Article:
An example of this integrated scientific approach can be seen in relation to geeldikkop, probably the most extensively researched form of toxicosis in the early twentieth century. In 1918 Arnold Theiler scientifically proved that Tribulus terrestris brought on the symptoms of photosensitivity, characteristic of this disease.27 Investigations resumed in 1929, when John Quin and his col- league the chemist, Claude Rimington, commenced their experiments in the Environment and History 13.3 Environment and History 13.3 Northern Karoo, on farms where recent fatalities had been particularly high. To discover which plants were poisonous, scientists carried out field experiments that involved a mixture of techniques including grazing and tethering by which veterinarians cleared camps of all plants and grasses except those suspected of being toxic. Some animals grazed on these prepared fields, whilst others were muzzled as a control or placed on different veld as a comparison. Sometimes these experiments could be exceedingly tortuous as animals failed to cooperate, managing to knock off their muzzles or escape from their tethers and thence from the experimental camp.28 Alternatively, ruminal contents of sick beasts, or solutions using mashed up plants or plant extracts were force fed into the animal by a drenching tube inserted into the mouth or nostrils.29 For all these trials, support from the farmers was essential, but researchers were not always successful in obtaining this. Whilst visiting the Biesjiespoort Farm in the District of Gordonia in 1931, for example, Quin could only muster ten sheep for his field experiments, even though this farmer had suffered heavy losses from geeldikkop.30 In certain respects, research into geeldikkop reflected divisions within the farming community as to the value of modern science. Whilst some farmers lobbied politicians to allocate funds for toxicological investigations, others were less keen on statist interference and were reluctant to see their properties turned into experimental farms. Quin described the farm- ers of Gordonia, in terms of the latter category, dismissing them as backward, suspicious and apathetic.31 Located in the Northern Cape, distant from the main commercial wool producing areas to the east, these stockowners had a tradition of resisting scientific knowledge and they maintained their own ideas about the aetiology of livestock diseases.32 According to Quin, many farmers attributed geeldikkop to a little worm that lived in the dubbeltjie doorn (ʻdevils thornʼ – the popular name for Tribulus, referring to the spines on the fruit), whilst some ascribed it to sheep grazing on land still damp with the morning dew.33 Unable to persuade some individuals that in his view, their ideas were anachronistic, Quin had problems obtaining rural backing. This situation indicated a dichotomy between the concerns of local stockowners and environmental realities. The arid, northern Karoo was particularly prone to annual outbreaks of geeldikkop and veterinary scientists therefore saw this as the most promising place to acquire scientific results because of the considerable amount of floral and faunal mate- rial.34 Many farmers however remained uninterested in this type of research, showing how human as well as environmental contingencies could affect both the nature and outcome of field investigations.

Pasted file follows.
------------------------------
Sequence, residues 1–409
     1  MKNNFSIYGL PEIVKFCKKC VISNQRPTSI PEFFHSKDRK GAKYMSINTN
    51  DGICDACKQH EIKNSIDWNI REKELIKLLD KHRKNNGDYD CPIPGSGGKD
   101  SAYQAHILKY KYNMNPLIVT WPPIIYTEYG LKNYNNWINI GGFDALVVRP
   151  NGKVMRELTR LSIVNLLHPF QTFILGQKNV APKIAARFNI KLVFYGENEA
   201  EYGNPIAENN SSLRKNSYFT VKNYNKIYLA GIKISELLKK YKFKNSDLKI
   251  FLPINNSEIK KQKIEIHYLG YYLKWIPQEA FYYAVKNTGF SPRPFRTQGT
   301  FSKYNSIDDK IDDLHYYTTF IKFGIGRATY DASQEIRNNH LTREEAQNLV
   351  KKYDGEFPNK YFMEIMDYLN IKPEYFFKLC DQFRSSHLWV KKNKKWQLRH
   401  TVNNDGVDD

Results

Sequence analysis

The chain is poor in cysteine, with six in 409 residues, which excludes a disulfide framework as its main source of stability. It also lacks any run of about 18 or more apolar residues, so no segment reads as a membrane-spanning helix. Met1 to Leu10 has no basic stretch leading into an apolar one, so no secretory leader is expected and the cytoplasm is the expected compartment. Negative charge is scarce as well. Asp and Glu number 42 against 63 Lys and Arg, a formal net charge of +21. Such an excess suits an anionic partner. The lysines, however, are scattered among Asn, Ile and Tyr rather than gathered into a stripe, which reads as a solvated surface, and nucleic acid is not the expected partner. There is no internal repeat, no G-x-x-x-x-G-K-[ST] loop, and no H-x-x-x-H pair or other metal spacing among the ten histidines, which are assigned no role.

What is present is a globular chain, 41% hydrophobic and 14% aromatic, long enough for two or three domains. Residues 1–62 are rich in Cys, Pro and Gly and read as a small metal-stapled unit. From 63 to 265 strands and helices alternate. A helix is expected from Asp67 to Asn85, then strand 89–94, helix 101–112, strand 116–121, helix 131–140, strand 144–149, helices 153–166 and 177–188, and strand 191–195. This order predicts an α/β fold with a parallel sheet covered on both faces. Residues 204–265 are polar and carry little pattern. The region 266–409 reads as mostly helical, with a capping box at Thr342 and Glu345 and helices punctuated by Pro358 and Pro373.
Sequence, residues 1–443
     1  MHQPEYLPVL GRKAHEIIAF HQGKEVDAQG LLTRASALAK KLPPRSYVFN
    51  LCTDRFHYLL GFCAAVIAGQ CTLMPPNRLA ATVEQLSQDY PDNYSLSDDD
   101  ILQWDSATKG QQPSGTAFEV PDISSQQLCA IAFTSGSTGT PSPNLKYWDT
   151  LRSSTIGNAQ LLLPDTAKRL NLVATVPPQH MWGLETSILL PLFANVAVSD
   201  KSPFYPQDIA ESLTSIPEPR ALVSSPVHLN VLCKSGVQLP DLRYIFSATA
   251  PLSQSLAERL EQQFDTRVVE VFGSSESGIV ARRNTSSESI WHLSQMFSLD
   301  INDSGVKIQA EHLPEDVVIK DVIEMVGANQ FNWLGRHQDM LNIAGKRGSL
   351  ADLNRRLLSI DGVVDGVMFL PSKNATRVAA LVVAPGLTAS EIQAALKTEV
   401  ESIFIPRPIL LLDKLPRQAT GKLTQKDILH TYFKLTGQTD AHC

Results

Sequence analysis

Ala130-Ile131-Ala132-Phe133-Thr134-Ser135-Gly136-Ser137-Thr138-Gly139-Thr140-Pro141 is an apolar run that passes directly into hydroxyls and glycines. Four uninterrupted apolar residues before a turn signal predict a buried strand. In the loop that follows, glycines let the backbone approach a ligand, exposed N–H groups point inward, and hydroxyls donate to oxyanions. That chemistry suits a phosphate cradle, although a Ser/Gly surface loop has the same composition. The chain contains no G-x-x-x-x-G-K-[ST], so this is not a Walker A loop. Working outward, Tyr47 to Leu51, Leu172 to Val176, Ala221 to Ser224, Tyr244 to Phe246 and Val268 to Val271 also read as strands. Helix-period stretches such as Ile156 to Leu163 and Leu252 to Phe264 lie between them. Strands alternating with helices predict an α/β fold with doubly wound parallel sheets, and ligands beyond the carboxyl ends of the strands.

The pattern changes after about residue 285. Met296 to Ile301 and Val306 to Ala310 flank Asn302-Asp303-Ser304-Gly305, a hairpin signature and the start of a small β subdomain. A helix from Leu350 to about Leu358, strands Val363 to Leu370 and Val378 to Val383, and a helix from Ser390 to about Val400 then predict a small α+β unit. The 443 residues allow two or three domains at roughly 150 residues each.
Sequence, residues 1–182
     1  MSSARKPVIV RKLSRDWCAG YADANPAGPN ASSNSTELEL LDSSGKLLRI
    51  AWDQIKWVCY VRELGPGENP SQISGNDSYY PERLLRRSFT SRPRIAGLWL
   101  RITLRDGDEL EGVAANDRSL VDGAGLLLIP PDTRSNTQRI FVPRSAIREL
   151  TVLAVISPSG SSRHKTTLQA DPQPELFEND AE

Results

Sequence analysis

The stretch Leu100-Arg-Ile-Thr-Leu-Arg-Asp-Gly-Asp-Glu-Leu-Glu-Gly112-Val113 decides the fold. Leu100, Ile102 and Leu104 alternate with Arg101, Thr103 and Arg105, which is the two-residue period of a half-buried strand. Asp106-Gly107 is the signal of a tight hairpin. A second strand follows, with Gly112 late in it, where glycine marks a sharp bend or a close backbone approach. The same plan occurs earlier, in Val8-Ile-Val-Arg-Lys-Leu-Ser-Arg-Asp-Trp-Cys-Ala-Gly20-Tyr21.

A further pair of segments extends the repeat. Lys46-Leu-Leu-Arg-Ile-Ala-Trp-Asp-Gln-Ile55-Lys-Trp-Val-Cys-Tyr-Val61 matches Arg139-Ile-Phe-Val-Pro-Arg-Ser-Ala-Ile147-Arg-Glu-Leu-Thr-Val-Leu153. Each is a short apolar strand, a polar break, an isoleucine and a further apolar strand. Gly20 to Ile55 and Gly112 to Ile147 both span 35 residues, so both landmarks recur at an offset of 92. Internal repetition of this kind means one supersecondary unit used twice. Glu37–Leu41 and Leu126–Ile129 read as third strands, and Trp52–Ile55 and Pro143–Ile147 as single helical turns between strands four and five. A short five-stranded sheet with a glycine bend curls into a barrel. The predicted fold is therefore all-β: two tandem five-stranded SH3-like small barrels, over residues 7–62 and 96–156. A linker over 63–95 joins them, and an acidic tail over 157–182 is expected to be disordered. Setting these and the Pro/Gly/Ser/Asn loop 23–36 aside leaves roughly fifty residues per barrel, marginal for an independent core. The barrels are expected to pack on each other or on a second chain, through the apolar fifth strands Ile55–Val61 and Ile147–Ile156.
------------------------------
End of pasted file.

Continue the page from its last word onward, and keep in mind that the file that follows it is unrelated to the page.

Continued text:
Lack of enthusiasm could also be attributable to the dearth of useful results, as after five years of research, Quin and Rimington had not been able to identity the toxic principle and thus could not suggest a cure for this disease.35 For many farmers, toxicology must have seemed a rather esoteric discipline as it could offer little in the way of practical solutions, not only for geeldikkop, but for plant poisonings in general. Consequently, farmers continued to rely on their own folk Environment and History 13.3 Environment and History 13.3 remedies, which came to be endorsed by veterinary scientists, such as the use of purgatives like Epsom and Glauber Salts to flush out plant material, together with the administration of stimulants such as caffeine and cheap Cape brandy (dop) to activate the heart.36 None of these could guarantee recovery and this, combined with scientistsʼ inability to discover new ways of tackling toxicoses by biomedical or chemotherapeutic means, generated a more environmental approach to the poisonous plant problem.